Land speculation was rampant, and prices


Needless to say, the same conservatives

who had opposed the Second Bank for the constraints it
imposed viewed these developments with deep misgiving.
They demanded that the government sell its land only
for gold or silver.

When this policy was implemented

in the summer of 183 6, the speculative land boom burst.
It did not take long for commodity prices and the stock
market to collapse, and the Panic of 18 3 7 was on.

Matters were further complicated by the failure of
three large British banks in 183 6.

When their credit

lines to American banks were cut off, American
financial woes worsened.

Banks failed everywhere and

bankruptcies multiplied, pulling the economy into a
severe recession.

But these were also the years when the American Midwest
was settled and when the push to the Pacific Ocean
were on.


The days of the "Wild West" and free banking

During the following decades, two powerful
undercurrents dominated the American economic and
financial scene.

On the one hand, western and southern

farmers, ranchers, and miners saw easy money and credit
in their interest because it enhanced the monetary
value of the commodities they produced.

On the other

hand, those in commerce, trade, and manufacturing in
the East felt that their interests would be served best
by "sound" money and a "strong" dollar, both at home
and abroad.

During this period, the U.S. Treasury exercised various
central banking powers, along with some of the stronger
private banks.

But no institution was formally charged

with the responsibility of controlling money and credit
in the public interest.

At times, the nation was

effectively on a gold standard; at other times, it was
on a bi-metallic standard.

Private banks freely issued

bank notes that were supposed to be convertible into
specie or "lawful money", but it was not always easy to
track down the bank and actually to get paid in gold or

News circulars published the current value of

bank notes issued by various banks, just as today's
newspapers publish exchange rates and stock market

Speculative booms and busts alternated with

frustrating rapidity.

And apart from the tragic

consequences it had for the nation's political and

social history, the Civil War had a devastating
economic and financial impact.

What kept the nation

going was the tremendous westward expansion and the
riches that could be amassed by enterprising men.

To the late nineteenth-century observers in Europe,
the American monetary and economic boom-and-bust cycles
were distressing —

a distress that was more than

purely intellectual.

Many European investors

participated in the speculative excesses in the United
States; and many paper fortunes were lost, along with
hard-earned investment funds .that had been gambled away
in alluring but risky investments.

Eventually, the Panic of 1907 forced politicians and
the public to face up to the need for monetary and
currency stability.

Bitter experience had taught the

nation that a central bank fulfilled essential
functions; and the search for an appropriate framework

The Federal Reserve System

This was the environment in which the Federal Reserve
System was formed.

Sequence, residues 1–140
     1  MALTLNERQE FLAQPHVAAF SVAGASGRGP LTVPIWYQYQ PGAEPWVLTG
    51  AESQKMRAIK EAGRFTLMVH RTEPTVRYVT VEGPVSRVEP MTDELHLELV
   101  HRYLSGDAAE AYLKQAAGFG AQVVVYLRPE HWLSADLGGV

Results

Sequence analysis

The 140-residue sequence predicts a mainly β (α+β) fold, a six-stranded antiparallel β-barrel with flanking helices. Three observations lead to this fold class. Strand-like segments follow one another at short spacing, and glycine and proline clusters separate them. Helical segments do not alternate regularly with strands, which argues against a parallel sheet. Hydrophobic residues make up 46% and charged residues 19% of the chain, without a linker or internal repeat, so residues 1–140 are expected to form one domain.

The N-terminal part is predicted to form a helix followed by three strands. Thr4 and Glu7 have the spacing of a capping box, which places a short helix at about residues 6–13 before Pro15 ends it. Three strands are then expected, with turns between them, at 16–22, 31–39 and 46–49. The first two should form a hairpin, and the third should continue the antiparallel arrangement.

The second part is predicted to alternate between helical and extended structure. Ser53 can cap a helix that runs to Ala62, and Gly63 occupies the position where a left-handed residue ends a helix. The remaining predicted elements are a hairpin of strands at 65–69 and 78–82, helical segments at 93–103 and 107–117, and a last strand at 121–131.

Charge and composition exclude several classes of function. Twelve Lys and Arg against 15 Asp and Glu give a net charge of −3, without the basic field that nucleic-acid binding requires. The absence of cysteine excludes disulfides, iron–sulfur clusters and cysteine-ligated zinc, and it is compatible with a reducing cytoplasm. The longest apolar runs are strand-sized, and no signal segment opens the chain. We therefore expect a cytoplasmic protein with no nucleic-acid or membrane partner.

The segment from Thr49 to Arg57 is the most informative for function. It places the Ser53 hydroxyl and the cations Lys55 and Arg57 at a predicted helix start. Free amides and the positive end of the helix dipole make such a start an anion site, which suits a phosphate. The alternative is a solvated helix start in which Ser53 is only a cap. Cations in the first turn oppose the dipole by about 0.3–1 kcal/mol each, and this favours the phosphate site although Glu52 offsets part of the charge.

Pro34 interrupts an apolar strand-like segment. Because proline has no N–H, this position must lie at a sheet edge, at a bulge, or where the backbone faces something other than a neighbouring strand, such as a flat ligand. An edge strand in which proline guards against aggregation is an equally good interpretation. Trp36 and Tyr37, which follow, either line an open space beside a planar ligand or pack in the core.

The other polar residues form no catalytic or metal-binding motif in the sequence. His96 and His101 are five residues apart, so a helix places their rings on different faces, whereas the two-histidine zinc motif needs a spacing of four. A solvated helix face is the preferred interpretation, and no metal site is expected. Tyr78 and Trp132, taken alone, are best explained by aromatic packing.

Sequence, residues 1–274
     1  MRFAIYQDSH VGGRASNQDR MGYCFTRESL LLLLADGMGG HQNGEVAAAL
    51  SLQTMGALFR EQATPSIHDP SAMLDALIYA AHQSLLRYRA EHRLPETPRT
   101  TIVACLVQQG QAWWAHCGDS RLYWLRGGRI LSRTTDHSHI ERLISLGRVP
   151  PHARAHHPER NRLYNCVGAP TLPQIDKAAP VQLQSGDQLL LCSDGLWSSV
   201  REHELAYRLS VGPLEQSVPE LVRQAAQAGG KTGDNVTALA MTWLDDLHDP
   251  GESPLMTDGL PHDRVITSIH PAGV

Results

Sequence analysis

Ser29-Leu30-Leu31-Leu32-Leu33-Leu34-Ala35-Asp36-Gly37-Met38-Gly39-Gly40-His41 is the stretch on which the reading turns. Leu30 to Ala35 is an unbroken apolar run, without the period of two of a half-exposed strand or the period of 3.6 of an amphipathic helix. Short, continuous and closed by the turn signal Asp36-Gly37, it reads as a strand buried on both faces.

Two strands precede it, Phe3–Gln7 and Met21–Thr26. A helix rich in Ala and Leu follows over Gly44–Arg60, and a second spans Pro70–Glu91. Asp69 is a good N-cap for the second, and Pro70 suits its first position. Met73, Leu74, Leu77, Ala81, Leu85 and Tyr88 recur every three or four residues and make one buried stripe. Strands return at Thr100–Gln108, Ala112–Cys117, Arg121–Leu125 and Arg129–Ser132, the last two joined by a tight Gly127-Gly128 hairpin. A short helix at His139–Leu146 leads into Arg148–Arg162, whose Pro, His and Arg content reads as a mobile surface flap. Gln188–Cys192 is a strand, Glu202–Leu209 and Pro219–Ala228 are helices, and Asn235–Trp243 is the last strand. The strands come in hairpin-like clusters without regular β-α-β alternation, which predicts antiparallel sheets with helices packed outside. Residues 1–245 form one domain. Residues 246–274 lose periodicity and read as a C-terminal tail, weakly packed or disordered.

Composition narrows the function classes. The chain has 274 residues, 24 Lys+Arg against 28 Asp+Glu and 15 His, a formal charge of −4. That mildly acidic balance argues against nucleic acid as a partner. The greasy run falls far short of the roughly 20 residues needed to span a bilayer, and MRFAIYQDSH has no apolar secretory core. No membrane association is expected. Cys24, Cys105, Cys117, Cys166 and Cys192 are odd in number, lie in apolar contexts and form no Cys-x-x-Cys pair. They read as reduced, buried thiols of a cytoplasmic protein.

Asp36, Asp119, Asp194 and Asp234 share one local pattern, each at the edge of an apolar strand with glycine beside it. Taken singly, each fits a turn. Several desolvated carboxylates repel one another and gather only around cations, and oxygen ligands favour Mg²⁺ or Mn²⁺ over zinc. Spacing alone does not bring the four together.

When it came into being in 1913,

the new institution was seen as a bulwark against
periodic collapses of the financial system like those

that had plagued the United States since the Second
Bank of the United States went out of existence.

The commission charged with planning the new
organization drew extensively from the experience of
European countries with central banks.

The European

central banks served the public and national interests
by providing for a sound currency and through
controlling the amount of money and credit in

They also intervened in financial markets

during liquidity crises to forestall cumulative
monetary contractions.

The U.S. Congress and the administration saw clearly
that these powers, as exercised successfully in Europe,
were also desirable for a central banking system in the
United States.

However, the United States consisted of a collection of
individual states, each with its own banking laws and
with its own interests dictated by its special economic
plans —

Various factions proposed alternative

some calling for a strong central institution,

some favoring a system of regional reserve banks.
Nelson Aldrich, a conservative Senator from Rhode
Island, urged the establishment of a strong central
bank, while Carter Glass, a Representative from

Virginia, sponsored a plan calling for the
establishment of 20 privately controlled reserve banks.
The division of North versus South, merchant versus
farmer, federal power versus state power, persisted.

In the end, President Woodrow Wilson and the Congress
crafted a unique institution that balanced regional and
private interests with the interests of the nation as a

Within the Federal Reserve System were twelve

regional Federal Reserve Banks, each under the
direction of a Board of Directors that represented the
banking, commercial, and public interests of that

The System as a whole was placed under the

direction of a federal agency, the Federal Reserve
Board, which consisted of the Secretary of the
Treasury, the Comptroller of the Currency, and five
persons appointed by the President.

The Congress explicitly refrained from creating one
all-powerful central bank for the United States that
might ignore the needs and interests of a far-flung and
diverse nation.

Instead, the system devised was

intended to be responsive to the special circumstances
of each District.

The District Banks were to provide

reserves and liquidity to the banks that were members
of the System as the needs of the local economy

The discount rate of each Reserve Bank was

to be established by its Board of Directors with the
approval of the Federal Reserve Board.

It was fully

anticipated that discount rates would differ among the

Similarly, when the Reserve Banks more or

less discovered open market operations as they invested
the reserves the member banks deposited with them, each
began to buy and sell Treasury securities as it deemed
desirable for the needs of its local economy.

As you might expect, in an economy with no geographic
constraints on trade or credit flows, differentials in
regional interest rates could not persist; and
different open market operations by Reserve Banks meant
simply that one District's actions offset another's